Based on the cases reported to date, can we identify factors that have led to the multiple origins of resistance in some cases but single origins in others? Clearly the introduction and maintenance of resistant alleles within a population can be affected by multiple factors: the mutation rate from susceptible to resistant alleles (higher frequencies would make multiple origins more likely), the intensity of selection for and against those alleles, and the relative mobility (including movement facilitated by humans) of the pest. Review of the origins of resistance across pest species (Table 2) suggests an important fourth factor: whether the resistance is inherited as a dominant or recessive trait. In all cases where resistance is a recessive trait, there have been multiple origins of resistance. For a fully recessive mutation, resistance is only phenotypically manifest in a homozygote (assuming a diploid organism and an autosomal trait). Such a homozygous resistant individual that dispersed to a new population lacking resistant alleles would produce only heterozygous offspring, with no resistance (assuming fully recessive resistance). In contrast, the arrival of an individual with a dominant resistance mutation would provide resistance to at least half of their offspring (assuming an autosomal locus and diploid organism). If the new population is exposed to pesticide, the mutation can rapidly spread, effectively overcoming the need for the mutation to arise independently in that population. However, the number of cases for which we are able to understand the processes involved in determining the outcome of single or multiple evolutionary origins is limited (Table 2). It would be valuable to determine the number of evolutionary origins for other cases of insecticide resistance, to evaluate the potential connection between the dominance of the alleles underlying these traits and the origin and spread of resistance.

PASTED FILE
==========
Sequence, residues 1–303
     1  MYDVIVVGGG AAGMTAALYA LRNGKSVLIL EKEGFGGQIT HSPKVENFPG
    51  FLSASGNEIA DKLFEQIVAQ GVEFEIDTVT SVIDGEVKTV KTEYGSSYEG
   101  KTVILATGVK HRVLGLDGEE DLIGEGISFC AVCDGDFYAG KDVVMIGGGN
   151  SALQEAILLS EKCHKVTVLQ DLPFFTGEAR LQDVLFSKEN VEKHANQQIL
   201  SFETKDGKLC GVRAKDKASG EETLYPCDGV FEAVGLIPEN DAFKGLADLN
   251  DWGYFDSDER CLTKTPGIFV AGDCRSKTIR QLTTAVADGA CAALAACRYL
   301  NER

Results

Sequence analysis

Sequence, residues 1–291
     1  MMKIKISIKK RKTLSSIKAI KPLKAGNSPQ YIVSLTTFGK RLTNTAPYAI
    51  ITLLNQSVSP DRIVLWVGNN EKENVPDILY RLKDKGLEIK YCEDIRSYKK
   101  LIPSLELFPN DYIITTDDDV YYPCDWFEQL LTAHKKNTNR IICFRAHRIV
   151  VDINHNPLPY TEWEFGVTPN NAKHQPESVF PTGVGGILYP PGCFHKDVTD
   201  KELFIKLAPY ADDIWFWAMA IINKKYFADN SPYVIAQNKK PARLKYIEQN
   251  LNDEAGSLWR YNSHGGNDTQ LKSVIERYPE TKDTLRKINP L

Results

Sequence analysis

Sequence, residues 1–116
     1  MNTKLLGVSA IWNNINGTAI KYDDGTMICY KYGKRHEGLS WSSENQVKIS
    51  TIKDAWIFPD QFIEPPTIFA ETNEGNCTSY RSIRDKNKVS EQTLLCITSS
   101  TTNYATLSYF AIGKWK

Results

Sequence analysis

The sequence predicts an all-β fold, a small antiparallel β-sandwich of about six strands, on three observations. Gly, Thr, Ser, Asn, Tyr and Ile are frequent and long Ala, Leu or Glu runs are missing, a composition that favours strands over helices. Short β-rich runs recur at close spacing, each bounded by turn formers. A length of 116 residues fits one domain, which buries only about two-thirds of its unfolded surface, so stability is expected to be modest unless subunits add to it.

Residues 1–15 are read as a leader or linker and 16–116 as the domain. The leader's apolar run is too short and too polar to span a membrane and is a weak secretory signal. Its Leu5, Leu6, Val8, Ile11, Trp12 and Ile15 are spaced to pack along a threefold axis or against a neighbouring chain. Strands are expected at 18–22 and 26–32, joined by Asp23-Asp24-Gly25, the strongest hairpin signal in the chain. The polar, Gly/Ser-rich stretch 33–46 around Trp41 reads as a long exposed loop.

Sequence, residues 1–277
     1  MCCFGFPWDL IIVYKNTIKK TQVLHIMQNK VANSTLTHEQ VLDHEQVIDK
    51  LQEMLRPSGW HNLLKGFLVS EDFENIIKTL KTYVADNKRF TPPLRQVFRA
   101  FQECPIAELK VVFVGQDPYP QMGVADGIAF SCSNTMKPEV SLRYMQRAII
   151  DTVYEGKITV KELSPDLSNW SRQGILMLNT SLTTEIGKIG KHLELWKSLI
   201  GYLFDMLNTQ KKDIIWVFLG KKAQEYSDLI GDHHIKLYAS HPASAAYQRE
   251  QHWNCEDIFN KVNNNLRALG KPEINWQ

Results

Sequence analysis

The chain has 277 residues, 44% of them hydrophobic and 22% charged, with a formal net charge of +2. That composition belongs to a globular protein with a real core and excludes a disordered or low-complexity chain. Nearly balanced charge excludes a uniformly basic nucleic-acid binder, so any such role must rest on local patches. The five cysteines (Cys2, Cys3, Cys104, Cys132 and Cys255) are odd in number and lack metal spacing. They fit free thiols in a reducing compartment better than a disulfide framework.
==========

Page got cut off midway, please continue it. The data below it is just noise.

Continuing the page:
Table 2. Resistance mechanisms, patterns of inheritance, evolutionary origins and prevalence of mutations conferring insecticide resistance.

A confounding factor in understanding the evolution of insecticide resistance is the relative fitness costs of different alleles in the absence of selection. For example, the relative resistance conferred to most pyrethroid insecticides is super-kdr>kdr>kdr-his [5], [39]. However, even in populations where selection pressure is high and resistant individuals predominate, super-kdr is rare, and in one population kdr-his is the most prevalent allele even though super-kdr is also present [40]. This may also be the case in China where super-kdr was found in a field-collected strain that was selected in the laboratory with deltamethrin [38], even though in another study super-kdr was not detected in field-collected flies and kdr-his was the most common allele [14]. Studies in house flies, aphids and mosquitoes have demonstrated a fitness cost for kdr in the absence of insecticide [41][43], but the relative fitness costs of susceptible, kdr, kdr-his and super-kdr individuals are not well understood. Therefore, an important next step is to further quantify these fitness costs, which will in turn enhance our ability to make predictions about the equilibrium frequency of resistance under alternative pest management strategies.